This passage from the book of Acts gives us a snapshot of the early church. The priorities for the early church were learning the apostles’ teaching, fellowship, breaking bread together, and prayers.

 Mizti J. Smith writes that it is “important that community building starts on the right foot.”[1] Learning, fellowship, communion and prayers were the building blocks of the early church and they need to be central to the present church.

It was important for the early church to wrestle with the stories that they heard about Jesus. It was important for them to understand the relevance of the gospel message in their own lives and in their own community so they committed themselves to learning and study. They grounded themselves in the Hebrew scriptures and put the stories of Jesus within that context. Then they had to wrestle with what all of this said about their own lives and community. What they discovered is that their faith required them to be in community with other believers and that their faith required them to live differently than those around them.

One of the ways in which the early church identified itself was through its fellowship. We hear fellowship and think coffee or potluck. The greek, koinonia, that is translated as fellowship is translated elsewhere as sharing. It shares its root with Diakonia which means to serve. So the idea of fellowship with coffee and potluck as we understand it is too narrow. Fellowship includes a commitment to sharing and to serving. Smith goes on to write that, “koinonia signifies mutuality and commonality among the new believers beyond potluck meals.”[2] Potluck fellowship encourages us to know one another. Koina pops up again when we are told that the early church shared “things in common” and that resources are distributed to anyone who has need.

Communion was a central way in which the early church remembered and grounded themselves in the story of Jesus. Communion was not celebrated at the Jewish temple where the early Christians worshiped as part of the Jewish community. Communion was celebrated separately in homes where Christians gathered and was one of the things that identified the Christian community as distinct from the Jewish community.

And then there are prayers…praying together. For the early church it would have been important to pray for strength to be faithful when there were so many pressures encouraging abandonment of the Jesus movement….It would just be easier to remain Jewish. People who were not Jewish but wanted to become Christian needed to convert to Judaism and follow the Jewish law. There was pressure within the Roman empire to squash the early church and we see examples of this throughout the book of Acts. Prayers to stay the course in the midst of these struggles would have been important. Prayers were an important part of the healing process and so praying for individuals would also have been important.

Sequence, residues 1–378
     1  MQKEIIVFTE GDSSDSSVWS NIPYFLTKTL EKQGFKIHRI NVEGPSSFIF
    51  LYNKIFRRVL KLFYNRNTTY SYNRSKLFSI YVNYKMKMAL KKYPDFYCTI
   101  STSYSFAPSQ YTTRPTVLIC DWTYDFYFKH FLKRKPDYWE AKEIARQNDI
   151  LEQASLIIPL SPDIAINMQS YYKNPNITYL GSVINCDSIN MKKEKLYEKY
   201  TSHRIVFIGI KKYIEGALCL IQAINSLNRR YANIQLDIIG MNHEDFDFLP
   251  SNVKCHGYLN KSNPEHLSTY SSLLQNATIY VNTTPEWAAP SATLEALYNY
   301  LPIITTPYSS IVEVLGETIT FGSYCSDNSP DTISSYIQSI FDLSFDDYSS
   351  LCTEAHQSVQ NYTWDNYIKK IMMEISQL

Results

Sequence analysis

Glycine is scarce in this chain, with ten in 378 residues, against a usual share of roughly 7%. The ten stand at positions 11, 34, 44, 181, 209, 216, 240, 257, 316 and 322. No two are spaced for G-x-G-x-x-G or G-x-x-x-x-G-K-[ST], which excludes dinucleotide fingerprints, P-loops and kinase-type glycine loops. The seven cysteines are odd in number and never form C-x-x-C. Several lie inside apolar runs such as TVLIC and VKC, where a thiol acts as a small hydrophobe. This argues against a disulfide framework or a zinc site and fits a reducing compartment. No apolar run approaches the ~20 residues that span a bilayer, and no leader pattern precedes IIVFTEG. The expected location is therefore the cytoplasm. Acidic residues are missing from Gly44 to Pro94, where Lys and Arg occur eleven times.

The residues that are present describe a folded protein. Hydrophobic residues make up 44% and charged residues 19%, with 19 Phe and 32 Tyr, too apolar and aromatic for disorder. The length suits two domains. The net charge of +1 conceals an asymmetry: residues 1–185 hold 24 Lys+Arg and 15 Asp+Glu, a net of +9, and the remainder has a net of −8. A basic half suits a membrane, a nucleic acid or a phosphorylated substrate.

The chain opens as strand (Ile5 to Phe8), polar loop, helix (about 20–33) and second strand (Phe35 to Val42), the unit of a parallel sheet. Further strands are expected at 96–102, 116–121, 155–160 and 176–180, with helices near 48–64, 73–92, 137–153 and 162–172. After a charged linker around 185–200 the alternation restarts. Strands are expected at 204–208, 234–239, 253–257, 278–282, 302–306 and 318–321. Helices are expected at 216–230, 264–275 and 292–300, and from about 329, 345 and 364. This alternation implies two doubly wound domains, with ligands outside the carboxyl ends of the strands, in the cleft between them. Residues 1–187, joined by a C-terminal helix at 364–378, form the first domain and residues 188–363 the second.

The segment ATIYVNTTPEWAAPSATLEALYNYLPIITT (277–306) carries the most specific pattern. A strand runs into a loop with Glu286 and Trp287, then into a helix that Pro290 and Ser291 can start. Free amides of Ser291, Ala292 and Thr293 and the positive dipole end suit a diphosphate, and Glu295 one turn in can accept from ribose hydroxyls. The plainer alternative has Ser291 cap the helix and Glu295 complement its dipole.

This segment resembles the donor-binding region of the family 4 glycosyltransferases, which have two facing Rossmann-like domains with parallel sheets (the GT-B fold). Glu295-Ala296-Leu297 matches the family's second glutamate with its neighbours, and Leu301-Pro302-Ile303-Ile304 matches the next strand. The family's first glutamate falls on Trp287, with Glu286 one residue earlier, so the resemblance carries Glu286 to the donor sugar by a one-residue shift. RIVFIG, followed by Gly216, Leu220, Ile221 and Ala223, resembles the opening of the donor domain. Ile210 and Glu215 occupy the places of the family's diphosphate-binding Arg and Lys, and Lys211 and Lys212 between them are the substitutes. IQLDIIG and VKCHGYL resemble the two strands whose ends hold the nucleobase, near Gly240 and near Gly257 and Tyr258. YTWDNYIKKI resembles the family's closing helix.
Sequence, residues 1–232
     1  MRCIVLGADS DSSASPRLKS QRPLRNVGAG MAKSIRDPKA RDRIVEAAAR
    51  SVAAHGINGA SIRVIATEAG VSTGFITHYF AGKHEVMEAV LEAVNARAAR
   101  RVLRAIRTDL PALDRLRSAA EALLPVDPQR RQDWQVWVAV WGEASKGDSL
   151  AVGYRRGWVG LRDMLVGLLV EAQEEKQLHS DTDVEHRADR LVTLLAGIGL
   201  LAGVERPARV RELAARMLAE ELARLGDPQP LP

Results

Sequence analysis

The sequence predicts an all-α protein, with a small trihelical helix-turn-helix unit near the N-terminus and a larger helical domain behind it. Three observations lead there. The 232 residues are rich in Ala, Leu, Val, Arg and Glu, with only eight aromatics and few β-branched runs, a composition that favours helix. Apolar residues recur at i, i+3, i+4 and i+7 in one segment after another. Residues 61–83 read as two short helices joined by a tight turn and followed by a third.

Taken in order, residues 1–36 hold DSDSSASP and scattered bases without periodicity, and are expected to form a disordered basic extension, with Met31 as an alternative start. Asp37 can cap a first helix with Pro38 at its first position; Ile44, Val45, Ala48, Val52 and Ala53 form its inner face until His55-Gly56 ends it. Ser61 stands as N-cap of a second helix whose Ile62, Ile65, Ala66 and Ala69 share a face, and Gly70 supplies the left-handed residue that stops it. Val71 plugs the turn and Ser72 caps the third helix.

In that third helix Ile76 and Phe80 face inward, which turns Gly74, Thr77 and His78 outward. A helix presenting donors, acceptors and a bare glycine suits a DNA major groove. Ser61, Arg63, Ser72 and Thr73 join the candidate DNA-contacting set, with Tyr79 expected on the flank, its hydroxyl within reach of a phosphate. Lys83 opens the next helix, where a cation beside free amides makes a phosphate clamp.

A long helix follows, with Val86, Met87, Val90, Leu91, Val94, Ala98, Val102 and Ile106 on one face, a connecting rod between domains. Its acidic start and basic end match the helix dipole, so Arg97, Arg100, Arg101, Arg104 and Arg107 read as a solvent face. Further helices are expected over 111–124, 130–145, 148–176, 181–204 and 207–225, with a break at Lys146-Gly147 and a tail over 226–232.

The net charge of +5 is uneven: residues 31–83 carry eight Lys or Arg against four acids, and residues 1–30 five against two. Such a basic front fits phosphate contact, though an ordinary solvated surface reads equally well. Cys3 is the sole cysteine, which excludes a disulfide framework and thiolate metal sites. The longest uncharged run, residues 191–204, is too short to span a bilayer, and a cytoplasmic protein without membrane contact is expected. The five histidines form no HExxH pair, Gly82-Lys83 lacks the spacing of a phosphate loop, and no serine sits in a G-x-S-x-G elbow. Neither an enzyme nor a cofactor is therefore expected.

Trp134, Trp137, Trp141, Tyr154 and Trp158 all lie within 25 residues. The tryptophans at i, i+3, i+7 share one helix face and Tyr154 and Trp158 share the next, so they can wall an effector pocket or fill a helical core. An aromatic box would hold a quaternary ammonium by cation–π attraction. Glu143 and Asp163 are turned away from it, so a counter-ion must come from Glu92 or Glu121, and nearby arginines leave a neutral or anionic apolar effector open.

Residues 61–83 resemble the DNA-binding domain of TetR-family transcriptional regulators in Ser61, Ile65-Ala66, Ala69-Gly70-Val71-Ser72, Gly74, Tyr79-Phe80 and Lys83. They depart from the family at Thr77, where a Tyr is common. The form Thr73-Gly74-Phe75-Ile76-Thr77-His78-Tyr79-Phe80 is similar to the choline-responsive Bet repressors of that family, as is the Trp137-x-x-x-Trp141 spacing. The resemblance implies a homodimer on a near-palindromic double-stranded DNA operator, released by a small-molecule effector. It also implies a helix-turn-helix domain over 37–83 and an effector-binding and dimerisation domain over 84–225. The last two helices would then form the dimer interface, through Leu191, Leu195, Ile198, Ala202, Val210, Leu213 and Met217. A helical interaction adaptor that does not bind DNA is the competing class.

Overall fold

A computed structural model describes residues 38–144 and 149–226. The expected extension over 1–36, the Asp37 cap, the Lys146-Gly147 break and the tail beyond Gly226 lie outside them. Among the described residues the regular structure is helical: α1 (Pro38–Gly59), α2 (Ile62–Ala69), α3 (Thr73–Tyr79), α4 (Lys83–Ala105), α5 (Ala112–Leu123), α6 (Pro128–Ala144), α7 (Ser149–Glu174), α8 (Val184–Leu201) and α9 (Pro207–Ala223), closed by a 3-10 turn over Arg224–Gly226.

As I was reading this passage and the commentaries about it this week, I was reminded of my own call to Diaconal Ministry which comes from the words koinoia and diakonia. In the United Church diaconal ministers are called to a ministry of education, service and pastoral care.

When I was doing my training for diaconal ministry, we were always taught to make sure and offer refreshment whenever we gathered for any reason. At learning circles we took turns putting on coffee and providing snacks for the day. That has carried over into the ministry that I do. When people drop into the church asking for money or food I start by offering a cup of coffee and listening to their story. A woman said to me a few months ago that she has been to many churches and has never been offered a cup of coffee. She said it made her feel human and respected.  So whenever we gather here, regardless of who is present, I want to bring a sense of hospitality and welcome to the ministry that we do together.

Diaconal ministry includes an emphasis on education and learning. The early church grounded themselves in the scriptures and we need to continue doing the same. Sunday morning hardly scratches the surface of learning about scripture. I love scripture and the way it continues to speak to us in our own context and what’s happening around us. For example, the passage we heard this morning brings us back to the basics of being a Christian community. But it also requires us to look at the broader picture of the world. Since the first biblical stories there has been violence and inequality. Humans have been trying to figure out how to address and eliminate these experiences. Scripture tells that story. As humans listen to God word and spirit they find themselves given wisdom, courage, desire and an ability to challenge injustice and support and encourage those amongst us who are most in need. And we return Diakonia and service. Our learning about scripture and the world should lead us directly to a ministry of service and action. It should lead us to be generous with anyone who has need.

Finally in the early church, they prayed. Prayer is a way of opening ourselves to God’s spirit. It is a way of setting our intention for how we will live. It strengthens and encourages us on days that are painful or exhausting. It reminds us of God generous and abundant love for us and connects with other people of faith who share those prayers.

My hope and my prayer for us is that we will hold the basics of the early church in our collective memory and that these building blocks will be what supports and shapes our future. Amen.

 

1.  Mizti J. Smith. Commentary on Acts 2:42-47http://www.workingpreacher.org/preaching.aspx?commentary_id=895

 2. Mizti J. Smith. Commentary on Acts 2:42-47 http://www.workingpreacher.org/preaching.aspx?commentary_id=895